How can I create a Smart Farm?

There are many different ways that a Smart Farm can be established and managed. The following are three example models…

Bare Land Strata

A Smart Farm using the Bare Land Strata model would develop a mixed use Strata Plan with at least one large strata lot designated for agricultural use and several smaller lots designated for residential use.

  • Multiple owners each buy a lot and build a residence within a strata.
  • Bare Land Strata is possible where municipal water is available, or for larger land parcels where residential lots can be at least 2 hectares (2.5 acres) in size.
  • At least one residence will be retained by the Trust for affordable farm housing.
  • Bare Land Strata farmland is owned by the Trust as a separate lot within the Strata.

View more details about the Bare Land Strata model…

Community Strata

A Smart Farm using the Community Strata model would develop a mixed use Building Strata Plan, with a large portion of the Strata’s Common or Limited Common Property allocated to agricultural use.

  • Multiple owners each purchase a residence within a strata community.
  • Community Strata allows for smaller land parcels than Bare Land Strata.
  • At least one residence will be retained by the Trust for affordable farm housing.
  • Farmland is located on Common or Limited Common Property jointly owned by the strata owners, but reserved for farming use overseen by the Trust.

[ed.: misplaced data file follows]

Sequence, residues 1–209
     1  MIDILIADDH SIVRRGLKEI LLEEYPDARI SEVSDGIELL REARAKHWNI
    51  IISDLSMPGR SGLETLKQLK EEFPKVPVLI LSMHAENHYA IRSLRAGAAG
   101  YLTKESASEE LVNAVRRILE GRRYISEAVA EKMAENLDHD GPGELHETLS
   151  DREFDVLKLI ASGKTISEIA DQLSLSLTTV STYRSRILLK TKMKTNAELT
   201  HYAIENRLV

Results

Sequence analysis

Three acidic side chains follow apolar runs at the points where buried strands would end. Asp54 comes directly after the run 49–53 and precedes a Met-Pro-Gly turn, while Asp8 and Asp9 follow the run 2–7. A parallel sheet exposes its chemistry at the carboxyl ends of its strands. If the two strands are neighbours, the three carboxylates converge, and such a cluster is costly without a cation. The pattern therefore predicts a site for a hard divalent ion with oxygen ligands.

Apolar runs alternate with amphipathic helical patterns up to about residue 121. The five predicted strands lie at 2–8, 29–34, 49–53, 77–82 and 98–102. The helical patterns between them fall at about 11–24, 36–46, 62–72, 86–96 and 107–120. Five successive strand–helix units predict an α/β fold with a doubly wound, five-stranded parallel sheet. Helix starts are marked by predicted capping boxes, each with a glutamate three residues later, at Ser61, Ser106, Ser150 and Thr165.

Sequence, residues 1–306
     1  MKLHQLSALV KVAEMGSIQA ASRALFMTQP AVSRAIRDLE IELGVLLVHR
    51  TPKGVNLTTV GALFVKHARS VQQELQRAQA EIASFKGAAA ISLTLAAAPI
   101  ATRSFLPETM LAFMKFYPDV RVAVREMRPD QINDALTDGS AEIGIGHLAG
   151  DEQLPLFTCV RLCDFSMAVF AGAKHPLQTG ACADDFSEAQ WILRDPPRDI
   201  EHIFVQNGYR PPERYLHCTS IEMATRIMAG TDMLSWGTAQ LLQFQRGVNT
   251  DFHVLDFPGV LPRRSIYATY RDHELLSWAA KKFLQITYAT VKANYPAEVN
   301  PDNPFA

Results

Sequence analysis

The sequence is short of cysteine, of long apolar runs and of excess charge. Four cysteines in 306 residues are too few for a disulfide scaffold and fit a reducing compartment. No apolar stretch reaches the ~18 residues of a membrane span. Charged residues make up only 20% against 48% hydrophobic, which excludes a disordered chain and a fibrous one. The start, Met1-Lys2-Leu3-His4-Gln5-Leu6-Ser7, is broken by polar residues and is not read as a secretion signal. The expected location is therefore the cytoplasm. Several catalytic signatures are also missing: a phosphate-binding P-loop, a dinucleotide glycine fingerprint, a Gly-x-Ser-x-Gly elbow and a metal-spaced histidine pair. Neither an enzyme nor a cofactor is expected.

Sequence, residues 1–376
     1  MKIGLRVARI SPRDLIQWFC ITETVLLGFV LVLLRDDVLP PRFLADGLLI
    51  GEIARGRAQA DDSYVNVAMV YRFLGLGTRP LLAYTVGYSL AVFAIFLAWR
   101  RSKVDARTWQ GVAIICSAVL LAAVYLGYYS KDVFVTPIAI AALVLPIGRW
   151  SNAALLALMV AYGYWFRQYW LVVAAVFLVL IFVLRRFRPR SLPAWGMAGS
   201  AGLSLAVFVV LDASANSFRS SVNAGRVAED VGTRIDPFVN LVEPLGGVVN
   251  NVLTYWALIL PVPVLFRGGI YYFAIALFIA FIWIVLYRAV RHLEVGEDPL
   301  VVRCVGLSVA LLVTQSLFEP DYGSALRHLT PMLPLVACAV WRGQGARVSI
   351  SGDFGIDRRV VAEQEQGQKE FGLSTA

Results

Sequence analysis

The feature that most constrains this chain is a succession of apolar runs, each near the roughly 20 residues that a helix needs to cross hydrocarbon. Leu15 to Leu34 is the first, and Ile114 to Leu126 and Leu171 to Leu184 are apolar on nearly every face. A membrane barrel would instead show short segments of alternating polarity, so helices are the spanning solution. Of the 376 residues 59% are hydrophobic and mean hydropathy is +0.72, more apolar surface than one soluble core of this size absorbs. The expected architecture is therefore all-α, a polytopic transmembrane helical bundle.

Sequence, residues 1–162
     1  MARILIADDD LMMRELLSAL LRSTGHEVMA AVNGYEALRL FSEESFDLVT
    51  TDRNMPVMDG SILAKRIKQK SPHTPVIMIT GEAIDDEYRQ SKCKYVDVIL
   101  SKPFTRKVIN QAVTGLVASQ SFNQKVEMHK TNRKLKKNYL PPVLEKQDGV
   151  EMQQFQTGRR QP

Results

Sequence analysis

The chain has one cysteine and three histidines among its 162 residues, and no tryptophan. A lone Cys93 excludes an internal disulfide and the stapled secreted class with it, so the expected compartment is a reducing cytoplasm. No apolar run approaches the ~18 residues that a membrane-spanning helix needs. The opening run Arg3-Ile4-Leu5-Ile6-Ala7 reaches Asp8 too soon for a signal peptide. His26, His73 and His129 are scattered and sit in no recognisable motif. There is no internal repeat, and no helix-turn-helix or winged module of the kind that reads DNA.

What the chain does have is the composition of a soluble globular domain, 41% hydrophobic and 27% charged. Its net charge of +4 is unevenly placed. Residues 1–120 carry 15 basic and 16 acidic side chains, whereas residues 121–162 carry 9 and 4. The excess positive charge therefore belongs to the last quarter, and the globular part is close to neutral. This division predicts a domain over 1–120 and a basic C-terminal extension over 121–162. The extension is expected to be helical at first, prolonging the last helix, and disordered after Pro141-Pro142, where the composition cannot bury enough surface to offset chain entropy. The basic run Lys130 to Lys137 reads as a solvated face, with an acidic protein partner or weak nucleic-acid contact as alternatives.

• Requires more up-front capitalization than Bare Land Strata to develop land and housing.

View more details about the Community Strata model…

Housing and Farming Cooperative

A Housing & Farming Co-operative would divide a property into a number of residential ownership units, which would share ownership of the agricultural land. The Co-operative would either manage its own farming company or lease the land to a separate farming entity.

  • On an annual basis, co-op owners elect a board to manage the property and, in some cases, the farming business.
  • If the Co-op entity does not lease out its farming operation, the Co-op owners would elect a separate board to manage a wholly-owned farming subsidiary.
  • The Co-operative model may provide greater access to affordable housing beyond that required for farmers, if that is a priority of the Co-op when it establishes the Smart Farm.
  • The defining feature of a Co-operative is the governance structure of “one member one vote” that applies irrespective of the amount of financial investment and number of membership or investment shares held by any one member.

View more details about the Housing & Farming Co-operative model…